I'll died if they don't cut it out.

I'm telling you it has to go.
There is no medicine that works
on something quite this hard and dark.
The only road is cut it out.

...

In Dear Leader Baudelaire measures what counts and Yoko Ono may indeed by a witchy wonder.  In Damian Rogers' world Mrs. Frank Lloyd Wright's coat can reign in reason.  These poems move from the personal to the universal and back again in the blink of an eye, in the space between two lines.

Today's book of poetry thinks that Dear Leader is full of kaleidoscope poems, multi-faceted and full of light.

Dear Leader

As you know, I did not join the Hole in the Universe Gang
or follow Father Yod of the ridiculous robes. I flowed
through my crises beautiful as a bruise, and alone. A man I loved
drove his motorcycle off the fat lip of Big Sur into glittering
oblivion. A new nation of Penelopes practiced the art of the loom,
planting a never-finished forest in which wildflowers bloomed
on the backs of jean jackets and hand-sewn throw pillows,
while I waited for you to choose me. The waitress at the health
food restaurant was a lemon-scented sun to my Death Valley
moon. I swooned as out the window your dark cluster rose
in the sky. How glorious was your shining forth from the horizon
when you detonated the Two Lands with your terrible rays!
I starved till my bones shone, and your voice rang in my ear.

...

Dear Leader felt like a robust visit from a rock star poet pillager priestess.  Damian Rogers drank everything in our office and then shot out the lights when she left!  We should be so lucky. 

Today's book of poetry felt shaken and just the right amount of stirred.

Damian Rogers

ABOUT THE AUTHOR
Originally from the Detroit area, Damian Rogers now lives in Toronto where she works as the poetry editor of both House of Anansi Press and The Walrus, and as the creative director of Poetry in Voice, a national recitation contest for Canadian high-school students. Her first book of poems, Paper Radio, was nominated for the Pat Lowther Memorial Award.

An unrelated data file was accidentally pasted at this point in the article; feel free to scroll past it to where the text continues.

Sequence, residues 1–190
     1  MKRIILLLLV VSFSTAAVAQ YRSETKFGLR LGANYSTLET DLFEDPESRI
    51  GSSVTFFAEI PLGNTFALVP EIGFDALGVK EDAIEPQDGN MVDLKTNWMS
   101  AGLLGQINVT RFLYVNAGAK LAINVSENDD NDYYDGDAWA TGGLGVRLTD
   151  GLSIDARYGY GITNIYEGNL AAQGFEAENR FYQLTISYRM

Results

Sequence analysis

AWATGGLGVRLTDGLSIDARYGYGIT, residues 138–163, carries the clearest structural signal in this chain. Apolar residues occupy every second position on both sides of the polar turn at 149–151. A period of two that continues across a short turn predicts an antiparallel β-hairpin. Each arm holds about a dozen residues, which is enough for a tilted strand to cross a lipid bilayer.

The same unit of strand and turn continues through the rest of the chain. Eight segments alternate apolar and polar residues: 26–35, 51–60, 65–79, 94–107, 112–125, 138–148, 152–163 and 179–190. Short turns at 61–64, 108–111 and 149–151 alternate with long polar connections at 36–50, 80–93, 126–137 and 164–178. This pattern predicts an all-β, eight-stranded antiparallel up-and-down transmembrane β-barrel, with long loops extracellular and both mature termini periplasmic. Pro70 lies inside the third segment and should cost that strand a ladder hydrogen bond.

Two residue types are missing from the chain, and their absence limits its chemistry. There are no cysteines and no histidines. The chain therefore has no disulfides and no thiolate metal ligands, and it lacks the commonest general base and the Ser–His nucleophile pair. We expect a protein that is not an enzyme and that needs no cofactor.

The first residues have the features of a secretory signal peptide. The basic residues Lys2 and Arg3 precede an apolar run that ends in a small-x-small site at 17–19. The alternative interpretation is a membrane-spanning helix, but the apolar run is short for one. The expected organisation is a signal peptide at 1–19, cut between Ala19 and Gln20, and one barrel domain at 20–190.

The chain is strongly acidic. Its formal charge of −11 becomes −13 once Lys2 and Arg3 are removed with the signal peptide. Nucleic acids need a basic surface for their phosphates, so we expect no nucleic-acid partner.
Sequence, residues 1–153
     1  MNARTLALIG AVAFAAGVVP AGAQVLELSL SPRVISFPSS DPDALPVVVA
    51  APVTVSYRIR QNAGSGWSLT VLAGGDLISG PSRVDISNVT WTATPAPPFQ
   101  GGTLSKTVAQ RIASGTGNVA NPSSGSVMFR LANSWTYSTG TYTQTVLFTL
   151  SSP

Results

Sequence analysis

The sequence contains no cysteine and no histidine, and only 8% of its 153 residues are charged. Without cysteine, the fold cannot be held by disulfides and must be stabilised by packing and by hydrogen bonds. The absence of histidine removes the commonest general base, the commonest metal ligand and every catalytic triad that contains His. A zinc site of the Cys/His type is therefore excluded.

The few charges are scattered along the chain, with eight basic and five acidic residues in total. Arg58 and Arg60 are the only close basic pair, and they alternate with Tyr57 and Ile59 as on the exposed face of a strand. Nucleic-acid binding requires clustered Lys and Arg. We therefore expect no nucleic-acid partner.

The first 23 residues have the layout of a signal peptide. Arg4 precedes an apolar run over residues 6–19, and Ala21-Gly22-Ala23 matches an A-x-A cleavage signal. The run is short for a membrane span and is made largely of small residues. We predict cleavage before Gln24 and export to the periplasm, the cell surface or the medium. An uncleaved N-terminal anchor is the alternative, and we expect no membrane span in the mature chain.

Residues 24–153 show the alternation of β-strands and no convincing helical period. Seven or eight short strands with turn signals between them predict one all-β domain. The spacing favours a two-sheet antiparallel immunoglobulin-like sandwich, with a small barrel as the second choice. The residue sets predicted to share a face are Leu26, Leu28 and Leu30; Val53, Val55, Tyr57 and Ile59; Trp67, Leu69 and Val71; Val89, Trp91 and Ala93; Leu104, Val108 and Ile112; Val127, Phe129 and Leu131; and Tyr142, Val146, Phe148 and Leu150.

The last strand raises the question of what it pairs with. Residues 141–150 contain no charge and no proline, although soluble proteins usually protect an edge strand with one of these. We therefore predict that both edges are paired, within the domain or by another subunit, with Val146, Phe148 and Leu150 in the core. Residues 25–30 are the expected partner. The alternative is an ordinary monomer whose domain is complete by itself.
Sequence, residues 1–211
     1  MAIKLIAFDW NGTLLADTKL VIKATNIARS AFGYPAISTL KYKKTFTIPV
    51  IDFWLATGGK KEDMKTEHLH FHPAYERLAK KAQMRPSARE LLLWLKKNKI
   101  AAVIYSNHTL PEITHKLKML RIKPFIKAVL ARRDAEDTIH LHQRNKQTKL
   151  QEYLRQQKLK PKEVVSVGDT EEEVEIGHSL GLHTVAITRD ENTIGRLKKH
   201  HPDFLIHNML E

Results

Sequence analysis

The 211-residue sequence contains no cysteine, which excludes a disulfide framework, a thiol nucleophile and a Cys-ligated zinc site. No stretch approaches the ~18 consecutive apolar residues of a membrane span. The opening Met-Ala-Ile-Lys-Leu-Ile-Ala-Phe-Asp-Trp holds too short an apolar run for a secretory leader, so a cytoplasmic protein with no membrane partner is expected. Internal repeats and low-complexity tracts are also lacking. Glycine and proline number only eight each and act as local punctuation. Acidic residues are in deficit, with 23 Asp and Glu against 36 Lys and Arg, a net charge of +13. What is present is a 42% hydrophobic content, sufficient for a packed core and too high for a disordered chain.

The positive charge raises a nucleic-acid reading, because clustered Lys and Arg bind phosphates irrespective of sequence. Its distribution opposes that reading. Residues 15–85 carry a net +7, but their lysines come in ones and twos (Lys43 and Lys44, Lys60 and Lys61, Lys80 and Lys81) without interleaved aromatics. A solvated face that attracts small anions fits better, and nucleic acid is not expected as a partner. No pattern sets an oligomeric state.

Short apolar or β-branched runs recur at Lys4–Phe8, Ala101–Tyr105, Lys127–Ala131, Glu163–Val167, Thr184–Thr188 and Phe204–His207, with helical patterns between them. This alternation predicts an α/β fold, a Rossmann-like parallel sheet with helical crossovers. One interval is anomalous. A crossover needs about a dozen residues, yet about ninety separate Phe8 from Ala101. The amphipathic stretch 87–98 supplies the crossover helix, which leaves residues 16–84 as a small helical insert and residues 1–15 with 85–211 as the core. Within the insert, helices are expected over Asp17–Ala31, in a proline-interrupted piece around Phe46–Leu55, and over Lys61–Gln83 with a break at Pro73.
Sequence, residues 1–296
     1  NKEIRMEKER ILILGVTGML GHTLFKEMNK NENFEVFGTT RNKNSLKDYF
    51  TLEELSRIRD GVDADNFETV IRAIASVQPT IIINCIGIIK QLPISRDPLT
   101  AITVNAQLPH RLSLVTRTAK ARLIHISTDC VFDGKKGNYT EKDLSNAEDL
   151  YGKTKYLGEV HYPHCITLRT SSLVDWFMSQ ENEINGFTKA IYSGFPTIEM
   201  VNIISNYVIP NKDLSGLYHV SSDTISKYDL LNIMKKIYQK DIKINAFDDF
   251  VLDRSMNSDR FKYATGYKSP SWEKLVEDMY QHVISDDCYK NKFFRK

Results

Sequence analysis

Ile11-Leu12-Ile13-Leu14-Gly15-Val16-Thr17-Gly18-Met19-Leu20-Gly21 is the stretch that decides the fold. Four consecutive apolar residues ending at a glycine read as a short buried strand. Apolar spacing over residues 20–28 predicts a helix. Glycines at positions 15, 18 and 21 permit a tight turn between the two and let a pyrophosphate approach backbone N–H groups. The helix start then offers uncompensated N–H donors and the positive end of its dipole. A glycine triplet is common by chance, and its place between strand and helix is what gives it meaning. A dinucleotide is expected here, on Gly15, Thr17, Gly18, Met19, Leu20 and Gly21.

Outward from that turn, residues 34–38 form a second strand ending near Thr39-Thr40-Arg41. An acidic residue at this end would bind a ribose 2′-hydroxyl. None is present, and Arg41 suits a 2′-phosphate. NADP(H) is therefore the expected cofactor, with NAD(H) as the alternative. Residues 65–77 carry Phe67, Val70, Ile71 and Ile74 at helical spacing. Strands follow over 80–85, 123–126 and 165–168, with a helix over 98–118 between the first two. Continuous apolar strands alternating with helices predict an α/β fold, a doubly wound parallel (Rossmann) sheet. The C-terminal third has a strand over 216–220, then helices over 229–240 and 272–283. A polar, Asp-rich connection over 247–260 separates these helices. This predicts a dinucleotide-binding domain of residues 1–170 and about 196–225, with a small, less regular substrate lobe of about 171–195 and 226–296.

BLURBS
‘Multi-vectored, Rogers's poems hum with life and tension, their speaker poised as mother, seer, reporter and daughter. They speak of loss and cold realities (misplaced charms of luck, a tour of an assisted-living facility, coins thrown into Niagara Falls). They also interweave dreams and visions: "O Lion, I am / an old handmaiden; I will not lay the pretty baby in the lap / of the imposter." Simple but evocative, at once strange and plain, Rogers's poems of address ricochet off the familiar "Dear Reader" or Dickinson's "Dear Master" ... Rogers's poems provide instructions for what to leave, what to take and what to fight. They act as selvage between the vast mother-ocean — the mem of memory — and the fabric we make of the uncertain in-between.’
     — Hoa Nguyen, The Boston Review

‘How can we live with the kind of pain that worsens each day? Dear Leader explains through bold endurance, enumerated blessings and the artistic imagination. By pasting stark truths over, or under, images of strange, compelling beauty, Rogers creates a collage, a simulation of the human heart under assault, bleeding but unbroken. Part Orpheus, part pop-heroine who can “paint the daytime black,” all, an original act of aesthetic violence and pure, dauntless, love.’
     — Lynn Crosbie

Damian Rogers
Reading from Dear Leader 
at the AWP, Minneapolis, 2015
Video: Tim Kahl